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U.S. Dollar Stalling as Commodities Bull Market Returns

Currencies / US Dollar Jan 26, 2009 - 08:39 AM GMT

By: Donald_W_Dony

Currencies Best Financial Markets Analysis ArticleMany investors that I have spoken to have moved away from the powerful but volatile commodities market after the cliff-dive drop that occurred in the second half of 2008. Other investors are waiting on the sidelines for the global economic expansion to develop which will bring inventory levels down and prices up. Yet, the underpinnings for the next upward leg of natural resource prices is already in play and leading indicators are starting to break to the upside.

Though world demand for commodities has clearly contracted over the last 6-7 months and the forecast for the bottom of the global economic downturn from most leading economists is still 6-12 months away the key pieces for the rise have already been laid and the triggering mechanism pulled.

The U.S. dollar plays a very important role in the fledgling phase of the bull market. Long before growing fundamental demands drag inventory levels downward, the trading direction of the American currency triggers the near-term movements of the commodities market.

The U.S. dollar is largely driven, over the long-term, by its fundamentals. And the mounting deficit is clearing negative. During the last decade, the national debt for the U.S.A. has grown to represent about 60% of its GDP. This is in comparison with Brazil at 52% and Mexico at 24%. This immensely heavy burden has pulled the Greenback down from $1.20 in 2001 to almost $0.70 in 2008. Recent short-term flight-to-safety mentality has propped-up the dollar to the $0.89 level, however with near zero percent interest, $10.6 trillion in debt plus an additional $800 billion to $1.2 trillion coming from the bailout and the proposed economic stimulus package, selling pressure is starting again and the USD appears to be losing ground once more.

The first piece of evidence of the renewed weakness in the dollar comes from its mirrored currency; the EURO. In the comparative chart of the two currencies, the EURO (FXE) has found solid support at the $1.30 level and is beginning to stabilize and regain strength again after its plunge from $1.60 (Chart 1). The dollar, in contrast, has stalled in its flight-to-safety rise to $0.89. Models are indicating continued downward pressure should build for the currency in February and March and pull the greenback to or below the key $0.80 support line.

The second clue of the bull return to commodities lies with its leading indicator; gold. This natural resource (Chart 2) typically is the first raw material to advance in price before the other commodity groups because gold is the most sensitive to the movements of the USD and to future inflationary pressures. Gold normally leads the other commodity groups by 4-6 months (Chart 3). Models are indicating that gold should advance above $900 in February.

Other natural resources such as silver, zinc, nickel, agricultural grains and oil all appear to be gaining ground and finding solid support levels following gold's rise. As the US Dollar Index is expected to begin declining in February, these commodities should continue to firm in price and gradually advance.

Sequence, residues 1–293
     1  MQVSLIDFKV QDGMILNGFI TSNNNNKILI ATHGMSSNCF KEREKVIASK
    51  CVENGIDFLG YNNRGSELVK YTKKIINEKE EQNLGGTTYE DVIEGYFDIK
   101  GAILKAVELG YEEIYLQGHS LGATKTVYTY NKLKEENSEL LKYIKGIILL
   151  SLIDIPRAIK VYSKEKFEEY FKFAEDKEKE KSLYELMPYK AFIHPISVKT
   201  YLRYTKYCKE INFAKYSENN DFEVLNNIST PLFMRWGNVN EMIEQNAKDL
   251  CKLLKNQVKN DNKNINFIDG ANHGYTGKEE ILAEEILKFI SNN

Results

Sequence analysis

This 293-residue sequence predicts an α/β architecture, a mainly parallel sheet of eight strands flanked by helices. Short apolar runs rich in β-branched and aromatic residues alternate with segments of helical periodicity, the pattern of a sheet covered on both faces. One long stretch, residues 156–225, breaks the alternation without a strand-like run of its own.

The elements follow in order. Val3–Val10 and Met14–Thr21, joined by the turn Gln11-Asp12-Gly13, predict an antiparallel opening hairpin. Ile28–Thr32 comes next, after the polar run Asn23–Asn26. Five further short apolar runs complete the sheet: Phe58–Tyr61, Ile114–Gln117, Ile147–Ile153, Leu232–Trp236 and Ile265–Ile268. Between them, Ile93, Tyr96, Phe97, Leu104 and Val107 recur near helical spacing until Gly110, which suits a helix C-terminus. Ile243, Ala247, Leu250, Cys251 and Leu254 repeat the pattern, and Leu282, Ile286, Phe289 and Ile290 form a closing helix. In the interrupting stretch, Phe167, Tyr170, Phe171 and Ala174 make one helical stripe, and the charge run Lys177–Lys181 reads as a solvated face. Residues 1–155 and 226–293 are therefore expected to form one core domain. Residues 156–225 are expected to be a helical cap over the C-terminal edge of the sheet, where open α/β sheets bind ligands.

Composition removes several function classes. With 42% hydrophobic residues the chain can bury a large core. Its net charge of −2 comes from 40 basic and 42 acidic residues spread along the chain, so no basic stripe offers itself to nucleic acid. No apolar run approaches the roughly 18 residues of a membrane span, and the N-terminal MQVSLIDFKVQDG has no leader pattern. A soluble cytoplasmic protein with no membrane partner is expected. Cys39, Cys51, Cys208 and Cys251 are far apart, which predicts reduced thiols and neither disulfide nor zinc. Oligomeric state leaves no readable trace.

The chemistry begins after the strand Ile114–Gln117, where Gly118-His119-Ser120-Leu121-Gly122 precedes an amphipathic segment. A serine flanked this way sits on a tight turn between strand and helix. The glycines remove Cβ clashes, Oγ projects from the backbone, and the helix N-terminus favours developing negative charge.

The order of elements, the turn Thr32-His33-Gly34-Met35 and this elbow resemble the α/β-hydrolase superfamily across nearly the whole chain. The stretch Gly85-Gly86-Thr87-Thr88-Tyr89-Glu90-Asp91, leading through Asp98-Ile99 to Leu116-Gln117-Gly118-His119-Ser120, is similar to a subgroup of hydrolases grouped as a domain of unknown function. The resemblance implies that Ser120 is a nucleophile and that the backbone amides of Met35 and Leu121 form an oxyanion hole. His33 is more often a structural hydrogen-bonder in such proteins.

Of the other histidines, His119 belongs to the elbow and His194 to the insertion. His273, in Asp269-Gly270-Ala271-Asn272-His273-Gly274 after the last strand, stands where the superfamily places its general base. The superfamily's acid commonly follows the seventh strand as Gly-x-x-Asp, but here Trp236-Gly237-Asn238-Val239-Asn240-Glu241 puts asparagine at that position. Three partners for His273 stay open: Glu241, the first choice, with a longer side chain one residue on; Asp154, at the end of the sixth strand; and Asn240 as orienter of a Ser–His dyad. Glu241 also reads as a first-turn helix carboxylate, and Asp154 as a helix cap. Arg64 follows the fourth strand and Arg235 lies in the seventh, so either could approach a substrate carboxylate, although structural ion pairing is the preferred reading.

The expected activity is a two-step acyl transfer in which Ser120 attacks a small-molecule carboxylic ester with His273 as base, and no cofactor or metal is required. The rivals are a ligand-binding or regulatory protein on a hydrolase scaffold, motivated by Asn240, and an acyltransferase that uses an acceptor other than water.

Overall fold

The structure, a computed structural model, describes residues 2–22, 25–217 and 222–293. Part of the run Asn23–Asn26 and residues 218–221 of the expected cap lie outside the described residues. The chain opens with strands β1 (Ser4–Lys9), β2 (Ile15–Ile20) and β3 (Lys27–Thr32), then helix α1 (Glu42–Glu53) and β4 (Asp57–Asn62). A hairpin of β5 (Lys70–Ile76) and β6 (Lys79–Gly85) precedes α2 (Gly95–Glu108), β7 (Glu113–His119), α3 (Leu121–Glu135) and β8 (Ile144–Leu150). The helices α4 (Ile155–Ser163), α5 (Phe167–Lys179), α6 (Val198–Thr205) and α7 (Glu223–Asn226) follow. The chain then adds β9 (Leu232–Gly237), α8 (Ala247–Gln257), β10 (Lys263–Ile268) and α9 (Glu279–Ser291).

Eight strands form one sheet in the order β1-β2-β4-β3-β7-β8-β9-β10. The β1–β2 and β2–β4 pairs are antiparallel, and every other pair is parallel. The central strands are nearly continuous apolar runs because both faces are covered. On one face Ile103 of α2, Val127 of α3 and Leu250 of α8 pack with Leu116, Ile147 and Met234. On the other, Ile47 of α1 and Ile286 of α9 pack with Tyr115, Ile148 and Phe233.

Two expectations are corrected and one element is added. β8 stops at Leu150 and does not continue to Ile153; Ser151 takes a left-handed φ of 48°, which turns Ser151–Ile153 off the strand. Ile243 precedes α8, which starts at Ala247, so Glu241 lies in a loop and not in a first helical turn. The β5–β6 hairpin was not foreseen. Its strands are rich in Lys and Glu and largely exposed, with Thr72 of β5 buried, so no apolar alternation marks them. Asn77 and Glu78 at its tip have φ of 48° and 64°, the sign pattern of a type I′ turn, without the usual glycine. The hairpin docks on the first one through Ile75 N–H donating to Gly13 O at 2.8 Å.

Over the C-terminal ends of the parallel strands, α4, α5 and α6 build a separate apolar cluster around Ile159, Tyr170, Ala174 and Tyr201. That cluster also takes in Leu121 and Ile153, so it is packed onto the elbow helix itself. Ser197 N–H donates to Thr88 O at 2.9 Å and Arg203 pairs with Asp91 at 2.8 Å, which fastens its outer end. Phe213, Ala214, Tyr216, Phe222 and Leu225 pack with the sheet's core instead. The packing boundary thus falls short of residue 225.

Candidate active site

Bottom line: The considerable US national debt plus near zero percent interest has once again made the US dollar less desirable. This building weakness fortifies commodity prices. As the dollar is expected to continue sliding in 2009, raw material prices, lead by gold, are anticipated to climb.

Investment approach: Gold and silver are leading the other commodities higher. Investors may wish to consider these metals now and slowly include the other natural resources as they begin to advance later this year.

More information about commodities can be found in the upcoming February newsletter. Go to and click on member login.

Your comments are always welcomed.

By Donald W. Dony, FCSI, MFTA

COPYRIGHT © 2009 Donald W. Dony
Donald W. Dony, FCSI, MFTA has been in the investment profession for over 20 years, first as a stock broker in the mid 1980's and then as the principal of D. W. Dony and Associates Inc., a financial consulting firm to present.  He is the editor and publisher of the Technical Speculator, a monthly international investment newsletter, which specializes in major world equity markets, currencies, bonds and interest rates as well as the precious metals markets.   

Donald is also an instructor for the Canadian Securities Institute (CSI). He is often called upon to design technical analysis training programs and to provide teaching to industry professionals on technical analysis at many of Canada's leading brokerage firms.  He is a respected specialist in the area of intermarket and cycle analysis and a frequent speaker at investment conferences.

Mr. Dony is a member of the Canadian Society of Technical Analysts (CSTA) and the International Federation of Technical Analysts (IFTA).

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